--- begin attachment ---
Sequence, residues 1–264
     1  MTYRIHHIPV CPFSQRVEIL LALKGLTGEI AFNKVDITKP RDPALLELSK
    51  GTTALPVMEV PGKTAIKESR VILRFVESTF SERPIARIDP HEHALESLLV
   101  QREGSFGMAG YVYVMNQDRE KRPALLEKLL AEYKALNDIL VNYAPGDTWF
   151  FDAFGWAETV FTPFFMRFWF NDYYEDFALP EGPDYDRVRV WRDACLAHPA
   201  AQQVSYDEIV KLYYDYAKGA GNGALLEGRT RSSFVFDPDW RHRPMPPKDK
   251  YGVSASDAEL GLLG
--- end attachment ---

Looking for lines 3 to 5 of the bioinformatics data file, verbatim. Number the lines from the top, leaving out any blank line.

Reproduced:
    51  GTTALPVMEV PGKTAIKESR VILRFVESTF SERPIARIDP HEHALESLLV
   101  QREGSFGMAG YVYVMNQDRE KRPALLEKLL AEYKALNDIL VNYAPGDTWF
   151  FDAFGWAETV FTPFFMRFWF NDYYEDFALP EGPDYDRVRV WRDACLAHPA